India's Mars mission enters second stage; outpaces space rival China
NEW DELHI (Reuters) - India's first mission to Mars left Earth's orbit early on Sunday, clearing a critical hurdle in its journey to the red planet and overtaking the efforts in space of rival Asian giant China.
The success of the spacecraft, scheduled to orbit Mars by next September, would carry India into a small club, which includes the United States, Europe and Russia, whose probes have orbited or landed on Mars.
India's venture, called Mangalyaan, faces more hurdles on its journey to Mars. Fewer than half of missions to the planet are successful.
"While Mangalyaan takes 1.2 billion dreams to Mars, we wish you sweet dreams!" India's space agency said in a tweet soon after the event, referring to the citizens of the world's second-most populous country.
China, a keen competitor in the space race, has considered the possibility of putting a man on the moon sometime after 2020 and aims to land its first probe on the moon on Monday.
It will deploy a buggy called the "Jade Rabbit" to explore the lunar surface in a mission that will also test its deep space communication technologies.
China's Mars probe rode piggyback on a Russian spacecraft that failed to leave Earth's orbit in November 2011. The spacecraft crumbled in the atmosphere and its fragments fell into the Pacific Ocean.
India's mission showcases the country's cheap technology, encouraging hopes it could capture more of the $304-billion global space market, which includes launching satellites for other countries, analysts say.
"Given its cost-effective technology, India is attractive," said Rajeswari Pillai Rajagopalan, an expert on space security at the Observer Research Foundation think-tank in Delhi.
India's low-cost Mars mission has a price tag of 4.5 billion rupees ($73 million), just over one-tenth of the cost of NASA's latest mission there, which launched on November 18.
Homegrown companies - including India's largest infrastructure group Larsen & Toubro, one of its biggest conglomerates, Godrej & Boyce, state-owned aircraft maker Hindustan Aeronautics Ltd and Walchand Nagar Industries - made more than two-thirds of the parts for both the probe and the rocket that launched it on November 5.
India's probe completed six orbits around Earth before Sunday's "slingshot," which set it on a path around the sun to carry it toward Mars. The slingshot requires precise calculations to eliminate the risk of missing the new orbit.
"Getting to Mars is a big achievement," said Mayank Vahia, a professor in the astronomy and astrophysics department of the Tata Institute of Fundamental Research in Mumbai.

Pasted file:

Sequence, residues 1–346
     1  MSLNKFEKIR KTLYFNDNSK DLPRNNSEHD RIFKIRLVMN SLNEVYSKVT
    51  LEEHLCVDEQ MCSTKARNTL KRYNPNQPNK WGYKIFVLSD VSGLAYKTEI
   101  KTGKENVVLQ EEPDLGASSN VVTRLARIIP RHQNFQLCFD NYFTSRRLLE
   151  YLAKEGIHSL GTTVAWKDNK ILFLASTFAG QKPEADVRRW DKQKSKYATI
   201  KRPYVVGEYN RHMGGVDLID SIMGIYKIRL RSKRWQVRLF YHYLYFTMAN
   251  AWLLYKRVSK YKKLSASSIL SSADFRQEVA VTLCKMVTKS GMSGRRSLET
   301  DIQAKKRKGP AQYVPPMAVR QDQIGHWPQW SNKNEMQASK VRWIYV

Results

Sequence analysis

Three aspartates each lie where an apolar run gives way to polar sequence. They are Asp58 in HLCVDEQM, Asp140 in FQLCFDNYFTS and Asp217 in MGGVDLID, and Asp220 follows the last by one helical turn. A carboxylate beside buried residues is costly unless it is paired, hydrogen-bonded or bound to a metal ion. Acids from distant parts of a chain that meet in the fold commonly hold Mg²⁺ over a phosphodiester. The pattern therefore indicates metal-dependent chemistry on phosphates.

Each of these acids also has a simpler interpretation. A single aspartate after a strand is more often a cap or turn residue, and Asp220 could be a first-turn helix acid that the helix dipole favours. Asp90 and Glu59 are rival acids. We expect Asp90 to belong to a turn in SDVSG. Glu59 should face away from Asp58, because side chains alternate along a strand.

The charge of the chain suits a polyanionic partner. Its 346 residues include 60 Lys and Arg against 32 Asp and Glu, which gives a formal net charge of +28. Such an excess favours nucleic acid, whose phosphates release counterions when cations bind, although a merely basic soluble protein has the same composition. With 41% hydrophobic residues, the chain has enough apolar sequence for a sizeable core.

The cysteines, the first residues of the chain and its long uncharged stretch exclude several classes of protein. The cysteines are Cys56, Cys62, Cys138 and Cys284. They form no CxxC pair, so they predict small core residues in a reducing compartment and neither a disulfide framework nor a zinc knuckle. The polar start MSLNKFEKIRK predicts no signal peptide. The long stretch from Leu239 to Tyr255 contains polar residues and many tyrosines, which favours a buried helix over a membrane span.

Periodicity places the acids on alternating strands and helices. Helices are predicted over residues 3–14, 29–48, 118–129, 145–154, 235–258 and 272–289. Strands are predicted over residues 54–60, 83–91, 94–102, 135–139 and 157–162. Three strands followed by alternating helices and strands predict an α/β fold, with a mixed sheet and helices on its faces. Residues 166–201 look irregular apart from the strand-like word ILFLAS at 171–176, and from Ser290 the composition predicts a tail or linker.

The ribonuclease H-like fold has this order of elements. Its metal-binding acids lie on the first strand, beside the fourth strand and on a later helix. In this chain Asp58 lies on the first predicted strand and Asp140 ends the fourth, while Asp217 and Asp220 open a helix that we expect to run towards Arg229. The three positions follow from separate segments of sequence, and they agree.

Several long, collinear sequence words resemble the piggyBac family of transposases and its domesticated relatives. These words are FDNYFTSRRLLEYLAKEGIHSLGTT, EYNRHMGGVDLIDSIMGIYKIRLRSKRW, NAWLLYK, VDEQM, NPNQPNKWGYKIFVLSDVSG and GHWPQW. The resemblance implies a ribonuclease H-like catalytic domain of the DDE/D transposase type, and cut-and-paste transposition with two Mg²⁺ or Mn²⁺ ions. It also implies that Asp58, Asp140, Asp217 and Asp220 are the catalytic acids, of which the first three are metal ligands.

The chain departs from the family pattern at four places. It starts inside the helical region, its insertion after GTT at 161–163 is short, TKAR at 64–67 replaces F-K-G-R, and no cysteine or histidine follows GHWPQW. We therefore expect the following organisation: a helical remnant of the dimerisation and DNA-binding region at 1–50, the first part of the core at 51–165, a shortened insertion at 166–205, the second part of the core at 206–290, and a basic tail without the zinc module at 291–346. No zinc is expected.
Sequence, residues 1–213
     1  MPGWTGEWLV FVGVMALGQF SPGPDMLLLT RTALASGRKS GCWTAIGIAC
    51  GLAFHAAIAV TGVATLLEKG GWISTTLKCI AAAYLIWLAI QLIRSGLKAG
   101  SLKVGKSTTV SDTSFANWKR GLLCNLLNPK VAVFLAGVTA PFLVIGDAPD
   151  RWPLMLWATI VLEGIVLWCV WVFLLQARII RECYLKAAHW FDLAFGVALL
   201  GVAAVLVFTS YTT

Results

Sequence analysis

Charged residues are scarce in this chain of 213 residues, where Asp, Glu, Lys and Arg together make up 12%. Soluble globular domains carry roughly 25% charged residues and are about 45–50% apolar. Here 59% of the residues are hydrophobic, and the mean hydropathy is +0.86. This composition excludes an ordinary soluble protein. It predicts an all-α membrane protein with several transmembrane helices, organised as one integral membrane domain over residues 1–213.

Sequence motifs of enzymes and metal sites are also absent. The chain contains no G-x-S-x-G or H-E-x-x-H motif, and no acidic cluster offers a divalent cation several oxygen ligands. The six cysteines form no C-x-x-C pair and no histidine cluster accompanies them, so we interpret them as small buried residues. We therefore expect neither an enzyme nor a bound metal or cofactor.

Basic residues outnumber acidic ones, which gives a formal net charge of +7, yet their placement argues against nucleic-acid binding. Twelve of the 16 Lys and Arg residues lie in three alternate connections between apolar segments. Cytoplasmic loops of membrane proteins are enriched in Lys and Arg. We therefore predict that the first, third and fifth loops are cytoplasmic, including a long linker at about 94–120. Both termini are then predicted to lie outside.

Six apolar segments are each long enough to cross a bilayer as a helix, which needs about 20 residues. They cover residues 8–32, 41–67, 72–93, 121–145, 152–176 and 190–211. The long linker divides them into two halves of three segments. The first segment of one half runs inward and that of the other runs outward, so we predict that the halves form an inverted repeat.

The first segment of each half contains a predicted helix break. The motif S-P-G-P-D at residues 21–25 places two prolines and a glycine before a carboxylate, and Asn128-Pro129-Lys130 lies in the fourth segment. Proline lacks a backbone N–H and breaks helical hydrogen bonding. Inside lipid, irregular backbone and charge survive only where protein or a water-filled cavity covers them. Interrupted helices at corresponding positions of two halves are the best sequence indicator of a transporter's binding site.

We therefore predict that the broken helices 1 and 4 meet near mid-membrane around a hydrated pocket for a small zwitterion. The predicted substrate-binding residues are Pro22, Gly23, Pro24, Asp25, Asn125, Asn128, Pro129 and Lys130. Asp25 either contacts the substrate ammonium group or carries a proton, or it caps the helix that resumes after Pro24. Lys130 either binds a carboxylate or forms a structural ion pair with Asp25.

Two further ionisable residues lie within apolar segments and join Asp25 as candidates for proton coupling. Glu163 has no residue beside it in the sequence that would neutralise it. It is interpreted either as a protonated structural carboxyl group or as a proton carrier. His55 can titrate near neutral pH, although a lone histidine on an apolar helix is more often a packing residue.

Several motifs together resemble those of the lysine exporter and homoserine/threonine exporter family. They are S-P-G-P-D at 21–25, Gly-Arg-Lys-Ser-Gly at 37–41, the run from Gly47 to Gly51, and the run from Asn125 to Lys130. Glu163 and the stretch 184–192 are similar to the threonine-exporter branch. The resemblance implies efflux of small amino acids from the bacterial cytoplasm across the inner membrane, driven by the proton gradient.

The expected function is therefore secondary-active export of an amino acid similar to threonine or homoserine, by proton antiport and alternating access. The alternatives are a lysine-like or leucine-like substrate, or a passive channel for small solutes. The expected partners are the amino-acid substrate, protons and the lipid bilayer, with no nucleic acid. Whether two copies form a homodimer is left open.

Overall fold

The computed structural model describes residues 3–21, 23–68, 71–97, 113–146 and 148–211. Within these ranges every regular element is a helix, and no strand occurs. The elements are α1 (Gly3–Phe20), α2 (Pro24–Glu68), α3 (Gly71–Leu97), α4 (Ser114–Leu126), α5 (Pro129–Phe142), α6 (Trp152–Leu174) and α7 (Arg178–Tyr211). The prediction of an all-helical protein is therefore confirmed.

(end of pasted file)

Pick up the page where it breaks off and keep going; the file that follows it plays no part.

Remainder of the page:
India's space agency will have to make a few mid-course corrections to keep the probe on track. Its next big challenge will be to enter an orbit around Mars next year, a test failed in 2003 by Japan's probe, which suffered electrical faults as it neared the planet.
"You have to slow the spacecraft down once it gets close to Mars, to catch the orbit, but you can't wait until Mars is in the field of view to do it - that's too late," Vahia said.
India launched its space program 50 years ago and developed its own rocket technology after Western powers levied sanctions for a 1974 nuclear weapons test. Five years ago, its Chandrayaan satellite found evidence of water on the moon.
By contrast, India has had mixed results in the aerospace industry. Hindustan Aeronautics has been developing a light combat aircraft since the early 1980s, with no success.
The Mars probe will study the planet's surface and mineral composition, besides sniffing the atmosphere for methane, a chemical strongly tied to life on Earth. NASA mission Curiosity did not find significant amounts of the gas in recent tests.
China is still far from catching up with the established space superpowers, the United States and Russia, which decades ago learned the docking techniques China is only now mastering.
Beijing says its space program is for peaceful purposes, but the U.S. Defense Department has highlighted China's increasing space capabilities, saying it was pursuing ways to keep adversaries from using space-based assets during a crisis.